Regular observations of the Sun have started at the first stage of the multiwave Siberian Radioheliograph (SRH). It is a T-shaped interferometer currently consisting of 48 antennas observing in a 4-8 GHz operating frequency range with a 10 MHz instantaneous receiving band. The SRH’s antennas are installed on the central antenna posts of the Siberian Solar Radio Telescope (SSRT: Grechnev et al., 2003). The maximum baseline is currently 107.4 m providing an angular resolution up to 70 arc seconds.
Figure 1. The central part of the SRH antenna array and the northern arm of SSRT.
SSRT, which is transformed into SRH, is a cross-shaped interferometer consisting of East-West and South-North equidistant linear arrays of 622.3 m, each with 128 antennas. The images are formed by scanning the Sun, firstly, due to the simultaneous receiving at different frequencies in the 5.67-5.79 GHz band and, secondly, due to Earth’s diurnal rotation. Thus, SSRT can produce images every 2-3 minutes at best.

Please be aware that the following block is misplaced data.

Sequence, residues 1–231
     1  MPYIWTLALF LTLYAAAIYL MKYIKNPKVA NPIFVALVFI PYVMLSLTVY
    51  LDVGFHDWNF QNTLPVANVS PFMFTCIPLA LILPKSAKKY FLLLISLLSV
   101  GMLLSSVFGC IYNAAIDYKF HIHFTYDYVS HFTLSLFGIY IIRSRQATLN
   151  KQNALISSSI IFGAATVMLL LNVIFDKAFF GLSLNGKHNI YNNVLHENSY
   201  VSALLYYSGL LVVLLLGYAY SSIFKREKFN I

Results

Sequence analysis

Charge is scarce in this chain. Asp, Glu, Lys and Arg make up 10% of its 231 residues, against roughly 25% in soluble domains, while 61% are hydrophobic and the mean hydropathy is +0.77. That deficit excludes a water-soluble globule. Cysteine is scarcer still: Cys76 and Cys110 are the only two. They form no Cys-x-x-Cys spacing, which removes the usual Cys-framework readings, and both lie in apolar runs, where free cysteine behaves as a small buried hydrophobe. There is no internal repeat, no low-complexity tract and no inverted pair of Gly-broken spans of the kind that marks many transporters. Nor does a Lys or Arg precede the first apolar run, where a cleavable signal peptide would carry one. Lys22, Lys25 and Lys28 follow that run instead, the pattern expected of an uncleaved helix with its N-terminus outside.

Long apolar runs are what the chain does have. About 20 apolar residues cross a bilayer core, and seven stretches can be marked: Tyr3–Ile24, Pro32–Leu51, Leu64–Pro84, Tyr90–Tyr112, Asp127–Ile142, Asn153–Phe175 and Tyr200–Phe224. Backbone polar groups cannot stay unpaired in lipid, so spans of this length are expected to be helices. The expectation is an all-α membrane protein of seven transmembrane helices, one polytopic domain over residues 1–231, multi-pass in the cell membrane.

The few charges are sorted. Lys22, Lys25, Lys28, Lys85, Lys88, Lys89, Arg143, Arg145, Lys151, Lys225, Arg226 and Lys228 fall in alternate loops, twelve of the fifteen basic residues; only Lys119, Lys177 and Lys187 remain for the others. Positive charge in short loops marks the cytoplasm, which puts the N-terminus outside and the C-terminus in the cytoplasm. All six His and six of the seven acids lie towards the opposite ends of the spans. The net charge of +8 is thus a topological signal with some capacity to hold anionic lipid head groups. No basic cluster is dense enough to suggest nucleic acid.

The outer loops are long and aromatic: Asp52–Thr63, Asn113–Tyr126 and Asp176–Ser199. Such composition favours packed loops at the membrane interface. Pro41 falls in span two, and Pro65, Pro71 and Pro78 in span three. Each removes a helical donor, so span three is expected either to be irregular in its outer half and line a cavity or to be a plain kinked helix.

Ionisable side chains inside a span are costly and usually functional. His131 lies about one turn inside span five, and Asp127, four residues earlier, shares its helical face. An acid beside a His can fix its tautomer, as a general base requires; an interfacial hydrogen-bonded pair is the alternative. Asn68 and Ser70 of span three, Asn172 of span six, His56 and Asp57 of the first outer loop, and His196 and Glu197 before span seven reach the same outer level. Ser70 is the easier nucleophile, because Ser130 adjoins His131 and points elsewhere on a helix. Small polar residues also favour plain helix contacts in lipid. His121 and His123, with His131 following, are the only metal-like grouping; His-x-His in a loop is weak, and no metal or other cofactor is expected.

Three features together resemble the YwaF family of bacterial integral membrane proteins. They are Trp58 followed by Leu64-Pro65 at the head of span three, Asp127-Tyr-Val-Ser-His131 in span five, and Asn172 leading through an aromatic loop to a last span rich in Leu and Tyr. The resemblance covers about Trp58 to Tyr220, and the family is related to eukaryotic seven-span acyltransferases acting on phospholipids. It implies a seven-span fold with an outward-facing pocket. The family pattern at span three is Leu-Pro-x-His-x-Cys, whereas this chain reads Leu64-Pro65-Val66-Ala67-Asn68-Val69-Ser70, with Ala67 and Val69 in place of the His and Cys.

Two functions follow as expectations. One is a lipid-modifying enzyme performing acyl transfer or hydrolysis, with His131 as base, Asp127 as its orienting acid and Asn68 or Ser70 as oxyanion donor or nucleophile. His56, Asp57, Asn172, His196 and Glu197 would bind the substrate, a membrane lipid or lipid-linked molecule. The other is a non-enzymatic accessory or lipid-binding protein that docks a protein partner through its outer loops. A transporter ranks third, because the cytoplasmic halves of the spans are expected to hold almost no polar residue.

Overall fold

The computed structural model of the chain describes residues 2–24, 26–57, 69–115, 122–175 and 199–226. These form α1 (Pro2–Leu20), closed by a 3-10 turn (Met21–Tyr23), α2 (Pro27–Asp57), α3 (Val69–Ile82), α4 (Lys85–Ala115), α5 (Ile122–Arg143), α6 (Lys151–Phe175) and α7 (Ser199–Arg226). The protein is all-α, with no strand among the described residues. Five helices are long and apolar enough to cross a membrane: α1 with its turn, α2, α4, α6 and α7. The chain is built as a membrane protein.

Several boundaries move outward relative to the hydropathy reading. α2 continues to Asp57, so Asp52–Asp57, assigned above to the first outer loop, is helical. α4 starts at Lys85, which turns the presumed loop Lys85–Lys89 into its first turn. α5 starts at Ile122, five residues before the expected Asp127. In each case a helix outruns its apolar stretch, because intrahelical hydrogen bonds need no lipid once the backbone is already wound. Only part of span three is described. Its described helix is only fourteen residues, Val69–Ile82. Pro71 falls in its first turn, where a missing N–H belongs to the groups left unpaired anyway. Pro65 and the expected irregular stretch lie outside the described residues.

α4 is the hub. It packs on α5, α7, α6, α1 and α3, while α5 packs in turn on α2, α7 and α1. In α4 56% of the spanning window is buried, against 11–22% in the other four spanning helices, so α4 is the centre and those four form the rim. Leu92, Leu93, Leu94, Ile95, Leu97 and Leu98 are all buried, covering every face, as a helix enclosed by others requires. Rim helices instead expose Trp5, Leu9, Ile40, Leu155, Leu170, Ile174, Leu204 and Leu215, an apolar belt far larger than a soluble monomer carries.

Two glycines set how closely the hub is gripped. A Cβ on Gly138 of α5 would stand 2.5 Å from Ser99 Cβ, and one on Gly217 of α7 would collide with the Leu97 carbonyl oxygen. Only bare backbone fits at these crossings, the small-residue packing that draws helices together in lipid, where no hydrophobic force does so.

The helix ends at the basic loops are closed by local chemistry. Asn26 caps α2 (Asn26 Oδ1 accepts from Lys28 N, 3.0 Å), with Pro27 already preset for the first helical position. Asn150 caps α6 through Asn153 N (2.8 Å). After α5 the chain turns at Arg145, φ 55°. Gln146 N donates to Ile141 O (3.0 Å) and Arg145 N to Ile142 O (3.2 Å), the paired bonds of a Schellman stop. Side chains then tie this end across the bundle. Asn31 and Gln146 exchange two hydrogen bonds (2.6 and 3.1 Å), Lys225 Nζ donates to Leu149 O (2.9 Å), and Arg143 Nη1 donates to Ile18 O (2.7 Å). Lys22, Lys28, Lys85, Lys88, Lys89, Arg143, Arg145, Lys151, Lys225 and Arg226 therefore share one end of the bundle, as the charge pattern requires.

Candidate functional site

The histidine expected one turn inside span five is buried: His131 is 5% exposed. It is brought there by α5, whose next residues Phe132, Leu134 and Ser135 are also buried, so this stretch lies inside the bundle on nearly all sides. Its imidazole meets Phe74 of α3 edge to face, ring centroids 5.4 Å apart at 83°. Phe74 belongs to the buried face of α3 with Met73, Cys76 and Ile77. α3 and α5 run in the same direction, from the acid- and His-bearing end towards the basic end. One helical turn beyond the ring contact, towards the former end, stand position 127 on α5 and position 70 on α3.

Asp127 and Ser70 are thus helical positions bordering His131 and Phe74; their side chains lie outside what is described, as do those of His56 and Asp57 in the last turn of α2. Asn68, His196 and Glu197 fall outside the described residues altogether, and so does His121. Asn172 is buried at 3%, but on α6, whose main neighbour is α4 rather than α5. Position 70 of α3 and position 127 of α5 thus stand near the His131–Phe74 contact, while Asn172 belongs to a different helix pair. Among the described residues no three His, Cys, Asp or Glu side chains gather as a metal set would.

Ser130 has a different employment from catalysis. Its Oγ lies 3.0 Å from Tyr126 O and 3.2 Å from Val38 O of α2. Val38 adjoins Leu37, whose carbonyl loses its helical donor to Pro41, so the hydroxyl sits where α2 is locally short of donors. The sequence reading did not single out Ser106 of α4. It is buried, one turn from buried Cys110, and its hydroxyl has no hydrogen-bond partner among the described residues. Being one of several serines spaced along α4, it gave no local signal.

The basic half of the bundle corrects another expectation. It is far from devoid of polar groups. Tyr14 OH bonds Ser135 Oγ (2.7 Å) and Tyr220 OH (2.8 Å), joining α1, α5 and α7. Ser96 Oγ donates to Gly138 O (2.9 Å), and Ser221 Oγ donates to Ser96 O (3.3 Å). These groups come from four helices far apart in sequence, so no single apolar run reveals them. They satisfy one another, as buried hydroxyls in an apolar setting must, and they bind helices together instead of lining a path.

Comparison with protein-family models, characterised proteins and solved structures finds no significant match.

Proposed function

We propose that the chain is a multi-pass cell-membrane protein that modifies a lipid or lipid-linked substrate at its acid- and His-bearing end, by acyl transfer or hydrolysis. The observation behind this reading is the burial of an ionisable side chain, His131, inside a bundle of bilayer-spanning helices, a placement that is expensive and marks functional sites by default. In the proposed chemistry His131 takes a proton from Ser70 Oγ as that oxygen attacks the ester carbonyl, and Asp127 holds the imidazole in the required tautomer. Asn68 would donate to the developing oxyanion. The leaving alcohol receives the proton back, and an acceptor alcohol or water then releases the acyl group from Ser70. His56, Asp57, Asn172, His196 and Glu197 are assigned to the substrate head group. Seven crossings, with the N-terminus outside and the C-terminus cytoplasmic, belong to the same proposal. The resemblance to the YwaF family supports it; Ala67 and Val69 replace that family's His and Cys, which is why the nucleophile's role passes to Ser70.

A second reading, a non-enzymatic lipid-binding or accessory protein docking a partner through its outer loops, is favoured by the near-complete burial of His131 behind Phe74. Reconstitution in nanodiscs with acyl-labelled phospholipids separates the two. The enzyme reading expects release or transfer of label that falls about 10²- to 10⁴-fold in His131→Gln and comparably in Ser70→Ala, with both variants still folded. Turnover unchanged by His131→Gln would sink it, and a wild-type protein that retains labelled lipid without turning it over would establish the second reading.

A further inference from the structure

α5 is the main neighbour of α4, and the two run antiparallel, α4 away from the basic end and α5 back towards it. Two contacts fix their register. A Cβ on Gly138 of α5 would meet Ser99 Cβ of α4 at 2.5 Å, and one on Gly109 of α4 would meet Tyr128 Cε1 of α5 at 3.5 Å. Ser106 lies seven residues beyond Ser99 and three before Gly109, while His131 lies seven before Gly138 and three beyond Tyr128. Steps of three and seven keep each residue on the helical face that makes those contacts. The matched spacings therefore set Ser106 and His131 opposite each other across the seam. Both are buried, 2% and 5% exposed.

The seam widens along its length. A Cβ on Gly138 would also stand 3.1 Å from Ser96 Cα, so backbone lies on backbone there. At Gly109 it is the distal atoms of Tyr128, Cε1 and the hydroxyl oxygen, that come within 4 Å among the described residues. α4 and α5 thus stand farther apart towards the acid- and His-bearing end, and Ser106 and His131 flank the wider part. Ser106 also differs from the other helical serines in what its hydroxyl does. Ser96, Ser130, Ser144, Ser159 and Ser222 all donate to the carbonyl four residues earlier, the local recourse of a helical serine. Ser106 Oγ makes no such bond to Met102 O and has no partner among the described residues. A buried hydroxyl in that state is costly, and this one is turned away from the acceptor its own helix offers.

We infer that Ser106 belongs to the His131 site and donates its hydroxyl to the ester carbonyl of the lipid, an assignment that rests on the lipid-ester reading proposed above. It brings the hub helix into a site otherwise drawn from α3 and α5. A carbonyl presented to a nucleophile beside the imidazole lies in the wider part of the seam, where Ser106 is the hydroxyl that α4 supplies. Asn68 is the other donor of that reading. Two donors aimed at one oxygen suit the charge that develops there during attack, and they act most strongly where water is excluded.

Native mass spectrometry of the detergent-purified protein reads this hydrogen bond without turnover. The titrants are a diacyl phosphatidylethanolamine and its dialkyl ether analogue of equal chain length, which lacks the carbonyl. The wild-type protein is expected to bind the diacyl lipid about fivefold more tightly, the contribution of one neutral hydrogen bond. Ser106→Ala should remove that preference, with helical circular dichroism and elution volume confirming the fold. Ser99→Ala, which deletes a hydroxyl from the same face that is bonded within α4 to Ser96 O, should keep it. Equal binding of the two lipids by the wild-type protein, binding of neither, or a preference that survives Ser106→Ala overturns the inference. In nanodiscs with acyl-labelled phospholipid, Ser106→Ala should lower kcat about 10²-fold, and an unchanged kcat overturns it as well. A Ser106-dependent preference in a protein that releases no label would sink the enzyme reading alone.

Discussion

SRH uses a different imaging principle, a parallel Fourier synthesis (Lesovoi et al., 2014). Both circularly-polarized components are measured. The observing frequencies are set by software. The time to switch from one frequency to another is currently about 2 ...